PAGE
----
Design/methodology/approach

The paper begins with a critique of the technology-mediated sharing economy, introduces the concept of conviviality as a tool to grow and shape community and sustainability within the sharing economy and then explores reciprocity and sharing behaviour. Finally, the paper draws upon social exchange theory to illustrate conviviality and reciprocity, using four case studies of technology-enabled sharing.

Findings

The paper contributes to the emerging debate around how the sharing economy, driven by information systems and technology, affects social cohesion and personal relationships. The paper elucidates the central role conviviality and reciprocity play in explaining the paradoxes, tensions and impact of the sharing economy on society. Conviviality and reciprocity are positioned as key capabilities of a more sustainable version of the sharing economy, enabled via information technology.

Originality/value

The findings reveal that information technology-mediated sharing enterprises should promote conviviality and reciprocity in order to deliver more positive environmental, economic and social benefits. The diversity of existing operations indicated by the findings and the controversies discussed will guide the critical study of the social potential of sharing economy to avoid treating all sharing alike.

Details

Information Technology & People, vol. 33 no. 3
Type: Research Article
ISSN: 0959-3845

Keywords

Article
Publication date: 29 August 2008

M. Mansoor Khan and M. Ishaq Bhatti

The main objective of this paper is to highlight the unprecedented growth of Islamic banking and finance in the contemporary finance world. It captures the advancements of…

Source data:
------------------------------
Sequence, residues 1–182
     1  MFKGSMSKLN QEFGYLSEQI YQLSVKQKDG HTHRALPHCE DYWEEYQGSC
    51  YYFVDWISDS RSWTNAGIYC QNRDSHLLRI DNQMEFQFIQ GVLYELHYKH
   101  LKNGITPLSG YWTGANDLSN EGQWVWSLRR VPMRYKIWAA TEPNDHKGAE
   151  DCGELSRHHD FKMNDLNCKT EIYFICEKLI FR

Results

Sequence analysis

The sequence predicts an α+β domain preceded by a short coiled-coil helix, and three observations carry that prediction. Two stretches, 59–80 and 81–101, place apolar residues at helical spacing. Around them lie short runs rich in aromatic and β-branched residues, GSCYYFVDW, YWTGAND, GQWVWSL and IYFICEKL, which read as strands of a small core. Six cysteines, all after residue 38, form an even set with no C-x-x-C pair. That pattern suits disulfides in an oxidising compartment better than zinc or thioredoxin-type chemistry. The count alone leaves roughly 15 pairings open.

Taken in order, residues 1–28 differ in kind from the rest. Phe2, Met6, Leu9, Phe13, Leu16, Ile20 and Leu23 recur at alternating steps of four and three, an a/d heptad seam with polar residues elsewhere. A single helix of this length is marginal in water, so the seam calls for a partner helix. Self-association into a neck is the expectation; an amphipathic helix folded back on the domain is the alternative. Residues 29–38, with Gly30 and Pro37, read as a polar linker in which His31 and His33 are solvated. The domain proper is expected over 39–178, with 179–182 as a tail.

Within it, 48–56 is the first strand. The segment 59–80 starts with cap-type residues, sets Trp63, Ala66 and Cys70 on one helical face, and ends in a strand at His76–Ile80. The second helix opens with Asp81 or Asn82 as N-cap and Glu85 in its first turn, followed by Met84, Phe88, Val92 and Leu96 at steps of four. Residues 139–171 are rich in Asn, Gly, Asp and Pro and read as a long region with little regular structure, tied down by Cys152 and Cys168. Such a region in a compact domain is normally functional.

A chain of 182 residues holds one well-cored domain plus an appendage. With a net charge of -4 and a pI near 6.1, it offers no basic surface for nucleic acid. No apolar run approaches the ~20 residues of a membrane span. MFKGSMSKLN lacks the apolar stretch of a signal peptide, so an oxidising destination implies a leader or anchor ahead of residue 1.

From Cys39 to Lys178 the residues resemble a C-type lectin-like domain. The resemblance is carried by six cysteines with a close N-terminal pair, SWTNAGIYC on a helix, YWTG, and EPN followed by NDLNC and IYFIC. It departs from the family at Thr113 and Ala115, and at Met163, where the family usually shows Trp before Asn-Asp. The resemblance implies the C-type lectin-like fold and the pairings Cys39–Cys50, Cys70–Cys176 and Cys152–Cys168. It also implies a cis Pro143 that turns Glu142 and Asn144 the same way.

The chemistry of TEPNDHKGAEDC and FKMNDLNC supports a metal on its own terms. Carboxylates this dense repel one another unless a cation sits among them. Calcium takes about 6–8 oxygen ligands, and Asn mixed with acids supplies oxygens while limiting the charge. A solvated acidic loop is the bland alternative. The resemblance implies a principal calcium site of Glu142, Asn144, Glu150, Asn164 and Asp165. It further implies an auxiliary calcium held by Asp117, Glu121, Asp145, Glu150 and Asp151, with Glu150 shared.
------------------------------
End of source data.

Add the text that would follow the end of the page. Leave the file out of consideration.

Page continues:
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Abstract

Purpose

The main objective of this paper is to highlight the unprecedented growth of Islamic banking and finance in the contemporary finance world. It captures the advancements of Islamic banking and finance industry across the tools, systems, sectors, markets and over 75 countries from Africa, Asia, Europe and North America.

Design/methodology/approach

The paper deals with the paradigm of Islamic banking and finance. It constitutes a general review that bears special features, facts and figures over the recent developments of Islamic banking and finance across the globe. It takes stock of the growing institutional and infrastructure support for the Islamic banking and finance system in Muslim countries and Western financial markets.

Findings

The findings of the paper hold that Islamic banking and finance industry has been making breakthrough improvements to become a truly viable and competitive alternative to conventional systems at the global level. Islamic banking and finance institutions have acquired booming grounds in the Middle East, South East and South East Asia. These growing Islamic hubs have been acting as a launching pad to promote Islamic banking in Western business and financial markets. There are some core factors contributing to the recent success of Islamic banking and finance, such as spiraling oil prices worldwide, prolonged boom in the Middle Eastern economies, product innovation and sophistication, increasingly receptive attitude of conventional regulators and information technology advancements that have been acting as a catalyst for the Islamic banking and finance industry to go global. Given all growth patterns, Islamic banking may be able to win over the majority of customers from the Muslim world that constitutes almost 24 per cent of the world's population (over 1.3 billion), and other ethical groups across the globe in times ahead.

Research limitations/implications